While we may not yet know the long-term viability of remote work in legal, a new MyCase Survey confirms that remote work has accelerated legal’s use of the cloud. And remote work tools and the use of the cloud have led legal professionals to the greater use of technology and an appreciation for what it can do.


At its first-ever customer conference yesterday, the practice management company MyCase announced the results of its inaugural Survey. The Survey is entitled MyCase 2021 Legal Industry Report: Lessons Learned from the Pandemic. The goal of the Survey was to look at how the pandemic has affected law firms and their operations. More importantly, the Survey shows how the pandemic and remote work has affected their use of and comfort with technology and change.

The results, while not exactly surprising, do merit a look. The key takeaway for me: remote work is driving lasting technological change. A change that may outlast the phenomenon of remote work itself.


First, the breadth of the Survey: MyCase talked to over 2000 legal professionals between August 31, 2021, and September 9, 2021. 47% were partners, 11% were associates, 22% were paralegals, 7% were office managers. Pretty good cross-section. More importantly, the respondents primarily came from small to mid-size law firms. 45% were from firms with two-five lawyers, 33% were solos, 12% were from firms of six-ten lawyers. A good snapshot of what’s going on in firms of these smaller sizes.

The cloud is now the norm


The main finding: remote work here to stay. No secret there. But looking at numbers does reveal some interesting facts. The second main finding: the cloud is now the norm. In my view, both will drive the future of law as lawyers and law firms become more comfortable with tech and see its advantages.


As an initial question, the Survey looked at firm reopenings: some 82% of the surveyed firms say they have already “reopened.” That percentage is a little surprisingly high, at least to me, although not sure what “reopening” means in the context of the Survey.


The data is a little more revealing, though, when looking at how reopening firms treat remote work. First: while remote work may be here to stay to some extent, there is not a great appetite among firms for full-time remote work. Only 53% of the surveyed firms say they will allow full-time remote work down the road. That’s not that large.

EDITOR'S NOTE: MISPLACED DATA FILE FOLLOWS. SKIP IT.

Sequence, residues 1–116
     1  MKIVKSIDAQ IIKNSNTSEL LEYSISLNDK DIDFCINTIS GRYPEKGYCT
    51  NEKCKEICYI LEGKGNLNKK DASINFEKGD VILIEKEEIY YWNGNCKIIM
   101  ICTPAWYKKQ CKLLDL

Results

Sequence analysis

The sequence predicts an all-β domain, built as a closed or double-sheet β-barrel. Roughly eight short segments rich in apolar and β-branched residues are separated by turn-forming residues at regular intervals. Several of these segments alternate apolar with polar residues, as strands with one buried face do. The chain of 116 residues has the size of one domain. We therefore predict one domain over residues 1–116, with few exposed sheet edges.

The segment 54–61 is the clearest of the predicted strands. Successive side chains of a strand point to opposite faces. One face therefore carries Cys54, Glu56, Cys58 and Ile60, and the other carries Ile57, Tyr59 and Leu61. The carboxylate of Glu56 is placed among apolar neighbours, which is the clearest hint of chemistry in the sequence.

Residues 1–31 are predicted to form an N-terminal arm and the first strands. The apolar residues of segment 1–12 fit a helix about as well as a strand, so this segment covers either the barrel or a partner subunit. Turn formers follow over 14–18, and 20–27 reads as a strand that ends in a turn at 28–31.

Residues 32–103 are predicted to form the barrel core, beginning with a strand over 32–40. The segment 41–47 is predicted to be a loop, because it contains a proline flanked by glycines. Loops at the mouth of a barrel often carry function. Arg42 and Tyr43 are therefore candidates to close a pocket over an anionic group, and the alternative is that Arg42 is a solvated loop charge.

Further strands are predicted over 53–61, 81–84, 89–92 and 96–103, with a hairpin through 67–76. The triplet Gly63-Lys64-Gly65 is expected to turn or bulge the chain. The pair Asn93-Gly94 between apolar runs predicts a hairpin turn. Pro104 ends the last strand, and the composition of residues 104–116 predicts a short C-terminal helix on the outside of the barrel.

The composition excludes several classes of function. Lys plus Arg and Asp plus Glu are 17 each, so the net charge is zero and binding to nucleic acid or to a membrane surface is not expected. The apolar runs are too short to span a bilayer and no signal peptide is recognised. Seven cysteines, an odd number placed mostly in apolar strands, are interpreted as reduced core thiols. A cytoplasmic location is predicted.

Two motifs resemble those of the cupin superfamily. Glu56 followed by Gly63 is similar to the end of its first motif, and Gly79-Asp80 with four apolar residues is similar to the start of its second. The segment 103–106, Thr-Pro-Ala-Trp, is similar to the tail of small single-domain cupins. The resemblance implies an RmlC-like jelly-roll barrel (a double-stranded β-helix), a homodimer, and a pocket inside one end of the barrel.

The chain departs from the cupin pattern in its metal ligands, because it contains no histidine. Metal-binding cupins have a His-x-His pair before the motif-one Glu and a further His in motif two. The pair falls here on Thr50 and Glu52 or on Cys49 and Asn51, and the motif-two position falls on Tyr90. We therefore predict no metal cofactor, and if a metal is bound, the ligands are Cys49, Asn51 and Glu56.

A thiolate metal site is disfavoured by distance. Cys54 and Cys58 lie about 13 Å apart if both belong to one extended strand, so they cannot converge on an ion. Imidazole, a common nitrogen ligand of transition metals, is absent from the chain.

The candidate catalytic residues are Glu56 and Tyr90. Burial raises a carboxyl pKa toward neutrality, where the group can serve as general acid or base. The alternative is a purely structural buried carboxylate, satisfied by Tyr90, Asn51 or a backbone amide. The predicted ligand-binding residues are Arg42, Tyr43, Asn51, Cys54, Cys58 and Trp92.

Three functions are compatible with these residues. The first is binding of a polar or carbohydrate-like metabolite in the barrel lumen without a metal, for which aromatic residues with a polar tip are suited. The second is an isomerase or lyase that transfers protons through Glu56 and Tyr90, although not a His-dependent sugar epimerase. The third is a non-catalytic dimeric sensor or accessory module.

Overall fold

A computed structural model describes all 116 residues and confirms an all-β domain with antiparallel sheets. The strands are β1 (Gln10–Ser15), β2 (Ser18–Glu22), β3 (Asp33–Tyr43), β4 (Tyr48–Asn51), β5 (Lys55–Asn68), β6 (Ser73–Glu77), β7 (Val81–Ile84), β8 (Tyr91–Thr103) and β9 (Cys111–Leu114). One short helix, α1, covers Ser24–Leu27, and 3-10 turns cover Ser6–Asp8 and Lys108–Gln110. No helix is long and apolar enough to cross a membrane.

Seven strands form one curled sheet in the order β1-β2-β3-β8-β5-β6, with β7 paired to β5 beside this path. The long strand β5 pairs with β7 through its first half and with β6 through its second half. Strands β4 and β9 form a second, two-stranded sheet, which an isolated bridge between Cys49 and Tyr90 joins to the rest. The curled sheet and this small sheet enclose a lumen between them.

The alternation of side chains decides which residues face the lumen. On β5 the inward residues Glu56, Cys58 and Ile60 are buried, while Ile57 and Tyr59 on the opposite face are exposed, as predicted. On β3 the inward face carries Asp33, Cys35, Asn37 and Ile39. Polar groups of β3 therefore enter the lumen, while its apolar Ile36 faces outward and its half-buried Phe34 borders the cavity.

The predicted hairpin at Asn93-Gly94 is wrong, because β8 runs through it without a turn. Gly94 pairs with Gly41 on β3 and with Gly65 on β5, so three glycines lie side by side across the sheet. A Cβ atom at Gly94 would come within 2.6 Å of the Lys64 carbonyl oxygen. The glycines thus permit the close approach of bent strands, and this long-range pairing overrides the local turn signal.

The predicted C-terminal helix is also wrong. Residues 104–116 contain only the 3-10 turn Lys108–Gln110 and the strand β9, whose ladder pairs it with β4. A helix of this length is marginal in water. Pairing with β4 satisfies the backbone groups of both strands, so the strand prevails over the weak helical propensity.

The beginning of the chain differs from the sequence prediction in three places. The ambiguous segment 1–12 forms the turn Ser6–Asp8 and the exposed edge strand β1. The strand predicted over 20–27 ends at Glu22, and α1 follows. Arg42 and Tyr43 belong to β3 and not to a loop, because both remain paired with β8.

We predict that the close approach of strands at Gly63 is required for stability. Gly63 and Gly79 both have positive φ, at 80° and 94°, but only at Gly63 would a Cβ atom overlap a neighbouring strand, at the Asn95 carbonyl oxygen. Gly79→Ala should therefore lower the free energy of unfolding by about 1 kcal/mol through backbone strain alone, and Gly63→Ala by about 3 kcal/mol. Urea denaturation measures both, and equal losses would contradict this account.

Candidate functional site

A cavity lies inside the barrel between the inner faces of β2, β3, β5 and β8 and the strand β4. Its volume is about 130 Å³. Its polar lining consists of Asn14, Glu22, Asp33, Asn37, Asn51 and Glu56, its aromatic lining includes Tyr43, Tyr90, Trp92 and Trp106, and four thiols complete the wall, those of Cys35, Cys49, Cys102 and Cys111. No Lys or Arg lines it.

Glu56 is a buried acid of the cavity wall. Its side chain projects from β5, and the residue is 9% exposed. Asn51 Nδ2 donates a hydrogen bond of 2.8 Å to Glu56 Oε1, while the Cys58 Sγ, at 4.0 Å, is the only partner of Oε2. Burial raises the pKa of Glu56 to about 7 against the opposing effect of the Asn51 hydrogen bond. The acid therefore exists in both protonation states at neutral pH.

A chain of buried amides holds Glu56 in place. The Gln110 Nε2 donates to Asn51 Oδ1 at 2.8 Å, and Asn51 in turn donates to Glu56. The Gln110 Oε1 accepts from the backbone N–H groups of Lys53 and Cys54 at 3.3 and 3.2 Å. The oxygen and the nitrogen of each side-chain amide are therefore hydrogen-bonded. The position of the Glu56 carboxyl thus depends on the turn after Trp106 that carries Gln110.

70%, on the other hand, say they will still allow some remote work as their offices reopen. The big question is whether these firms are saying this because they want to attract and maintain talent in a hot job market. A bigger question is whether they will continue to allow full or even partial remote work if we ever get “back to normal.”


Remote Working Tools And Cloud Computing


A more interesting and long-lasting trend may be what remote work is driving: a greater use of and comfort with the cloud and technology, in general.


The surveyed firms recognized and reported greater efficiencies and value from the technology tools they are using about which MyCase asked. And this can only translate to greater future use.


And the big winner was cloud computing. The battle with on-prem is over. 88% of the surveyed firms (keep in mind that the firms surveyed skewed toward small) now recognize the value of using the cloud, whereas 76% did before the pandemic. This enhanced cloud use, in turn, opens up all sorts of tech options.

And lawyers are liking what their remote working tools can do for them


And lawyers are liking what their remote working tools can do for them: 73% say these tools have increased their overall productivity.


MyCase assessed the use by surveyed firms of the following tech tools since the pandemic:


  • Document management tools (most of those surveyed agree these are big-time savers)
  • Document assembly tools (most recognize these tools save significant time)
  • Document sharing and collaboration tools (most agree these tools did make it easier to collaborate)
  • Collaboration tools
  • Secure communication and client portals (the Survey reports that text messaging is on the rise)
  • Internal law firm communication tools (the majority of law firms now use internal chat tools)
  • Law firm profitability and growth tools (valuable say most)
  • Time tracking tools (81% of the surveyed firms now use time tracking tools)
  • Legal billing software (87% of the firms now use)
  • Online payment processing software (more than half of the firms believed they collected more money from using this software).
  • Lead management and intake tools (firms using these tools captured significantly more leads)
  • eSignature tools (67% say these tools saved time)
  • Online payment for consultation tools (72% accept payment via credit card)


In short, firms and lawyers are seeing the value tech can bring. Since lawyers have had to work remotely, they now have a greater appreciation for tech. They have actually seen what technology can do. And as a result, lawyers are no doubt more accepting of it.


Remote work has driven lawyers to the cloud. Remote work and the cloud have driven lawyers to use more tech


So what are the key points from this inaugural Survey by MyCase: remote work has driven lawyers to the cloud. Remote work and the cloud have driven lawyers to use more tech. And they like what this use does for them.


So this may be a lasting change. As the Report concludes, “One of the top findings from this Survey was that the pandemic was the tipping point needed to greatly accelerate law firm technology adoption.”